An Africa Update: the Moraa job
For those of you who don’t know me personally, I work in international development, which is a broad and ever-changing field focused on improving conditions in some of the world’s poorest countries. This has been done through everything from economic restructuring to public health research to the creation of infrastructure, and more recently there has been a shift in focus towards the group that makes up half the world’s population, does about 70% of the work, and reaps so much less of the reward…women.
I’m not going to tell you that American women don’t have battles they’re fighting. Just LOOK at this site if you need to see examples. But women in the rest of the world often have it worse. At least American women legally have rights even if they have trouble accessing them–this isn’t the case in every country. Heck, some countries are still working on suffrage, forget other rights. Women are underrepresented in governments, are pulled out of school before their brothers because (and this is a direct quote from a documentary called “Slum Survivors”) “educating girls is a waste of money”, and often lack access to health resources…while often being the primary providers for children they are saddled with by men who leave.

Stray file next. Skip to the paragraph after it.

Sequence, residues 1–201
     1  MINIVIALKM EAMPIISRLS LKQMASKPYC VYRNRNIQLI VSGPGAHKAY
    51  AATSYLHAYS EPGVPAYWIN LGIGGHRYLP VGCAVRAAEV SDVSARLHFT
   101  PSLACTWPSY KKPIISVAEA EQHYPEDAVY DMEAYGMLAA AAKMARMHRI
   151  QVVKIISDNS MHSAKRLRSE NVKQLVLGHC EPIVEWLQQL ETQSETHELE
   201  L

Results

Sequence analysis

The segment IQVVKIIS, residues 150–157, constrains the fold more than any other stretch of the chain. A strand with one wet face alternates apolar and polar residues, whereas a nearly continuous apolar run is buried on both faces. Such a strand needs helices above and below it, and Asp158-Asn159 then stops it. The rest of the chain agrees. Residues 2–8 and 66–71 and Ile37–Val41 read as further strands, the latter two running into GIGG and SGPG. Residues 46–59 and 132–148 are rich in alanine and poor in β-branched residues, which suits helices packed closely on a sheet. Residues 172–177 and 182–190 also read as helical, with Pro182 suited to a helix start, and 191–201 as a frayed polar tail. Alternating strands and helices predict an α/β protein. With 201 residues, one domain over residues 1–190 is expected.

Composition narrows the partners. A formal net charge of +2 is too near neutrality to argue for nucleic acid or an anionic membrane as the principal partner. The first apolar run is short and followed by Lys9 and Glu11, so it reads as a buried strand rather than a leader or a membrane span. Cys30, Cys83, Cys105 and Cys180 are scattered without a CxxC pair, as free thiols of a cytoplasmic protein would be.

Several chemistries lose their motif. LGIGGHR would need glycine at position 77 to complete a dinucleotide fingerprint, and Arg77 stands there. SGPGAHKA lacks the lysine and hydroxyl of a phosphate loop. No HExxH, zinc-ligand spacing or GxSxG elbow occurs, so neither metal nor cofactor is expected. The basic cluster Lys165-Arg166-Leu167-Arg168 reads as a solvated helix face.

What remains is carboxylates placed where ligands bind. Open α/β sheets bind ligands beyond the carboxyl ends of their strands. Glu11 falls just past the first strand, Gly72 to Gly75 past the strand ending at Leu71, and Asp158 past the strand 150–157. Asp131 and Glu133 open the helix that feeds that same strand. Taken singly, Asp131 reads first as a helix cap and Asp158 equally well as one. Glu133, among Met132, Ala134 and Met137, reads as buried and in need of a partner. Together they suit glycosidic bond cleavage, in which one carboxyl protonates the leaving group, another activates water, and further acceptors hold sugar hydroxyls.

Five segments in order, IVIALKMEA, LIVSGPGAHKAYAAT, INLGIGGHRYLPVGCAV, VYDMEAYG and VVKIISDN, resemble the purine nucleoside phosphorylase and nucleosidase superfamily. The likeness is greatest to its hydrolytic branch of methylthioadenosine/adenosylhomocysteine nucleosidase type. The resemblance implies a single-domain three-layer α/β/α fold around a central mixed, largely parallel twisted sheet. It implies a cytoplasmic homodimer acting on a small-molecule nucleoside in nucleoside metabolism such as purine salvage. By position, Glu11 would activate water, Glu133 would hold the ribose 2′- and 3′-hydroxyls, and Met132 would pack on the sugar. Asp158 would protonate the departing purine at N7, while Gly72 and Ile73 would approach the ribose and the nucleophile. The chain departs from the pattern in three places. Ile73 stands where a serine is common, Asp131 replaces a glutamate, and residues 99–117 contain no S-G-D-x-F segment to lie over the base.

That, right there…that is a mess. It is a HUGE problem. And it impacts an absurd number of women.
This semester, my current roommate Tania and I are going to have the opportunity to work with some of the NGOs operating in Nairobi, Kenya on their efforts to help adolescent girls improve their chances. I will be working with the Moraa New Hope Foundation, which operates in Eastlands, and Tania will be working with the Daughters United program at Carolina for Kibera, which operates in the Kibera slum. Both of our programs work with girls on reproductive health and financial literacy, which are MAJOR focuses in the fight to improve women’s independence.
It’s one thing to talk about women’s empowerment, read about it, and go to a rally, but for the next four months, I’ll be trying to give you updates on what it’s like to WORK on women’s empowerment. Keep checking here and at our wordpress site for more information on Kenyan feminism and Moraa New Hope from now until April, and check out the websites for Moraa New Hope AND Carolina for Kibera. (And maybe we can see if Tania will guest write for us sometime in March…I’ll let you know!)